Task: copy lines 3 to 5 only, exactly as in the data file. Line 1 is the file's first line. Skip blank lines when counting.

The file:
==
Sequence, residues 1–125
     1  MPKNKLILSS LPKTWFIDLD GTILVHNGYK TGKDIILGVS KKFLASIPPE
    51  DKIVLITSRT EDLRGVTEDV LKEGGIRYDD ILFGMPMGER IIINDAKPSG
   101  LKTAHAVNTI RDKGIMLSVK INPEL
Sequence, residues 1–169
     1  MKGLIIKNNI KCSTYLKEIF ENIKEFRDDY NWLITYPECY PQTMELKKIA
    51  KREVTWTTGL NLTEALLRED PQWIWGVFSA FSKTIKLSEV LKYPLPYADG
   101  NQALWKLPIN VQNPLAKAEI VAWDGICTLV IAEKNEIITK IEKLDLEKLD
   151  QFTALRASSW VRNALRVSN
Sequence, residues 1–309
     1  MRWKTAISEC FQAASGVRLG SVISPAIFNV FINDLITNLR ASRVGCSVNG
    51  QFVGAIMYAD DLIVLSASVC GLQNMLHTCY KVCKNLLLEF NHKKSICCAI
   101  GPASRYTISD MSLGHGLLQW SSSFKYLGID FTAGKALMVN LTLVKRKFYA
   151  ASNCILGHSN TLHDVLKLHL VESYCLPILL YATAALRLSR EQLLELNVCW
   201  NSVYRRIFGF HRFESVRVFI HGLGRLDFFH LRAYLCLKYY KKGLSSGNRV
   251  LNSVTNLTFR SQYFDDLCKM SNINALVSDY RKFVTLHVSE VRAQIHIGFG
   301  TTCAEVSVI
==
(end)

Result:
    51  DKIVLITSRT EDLRGVTEDV LKEGGIRYDD ILFGMPMGER IIINDAKPSG
   101  LKTAHAVNTI RDKGIMLSVK INPEL
Sequence, residues 1–169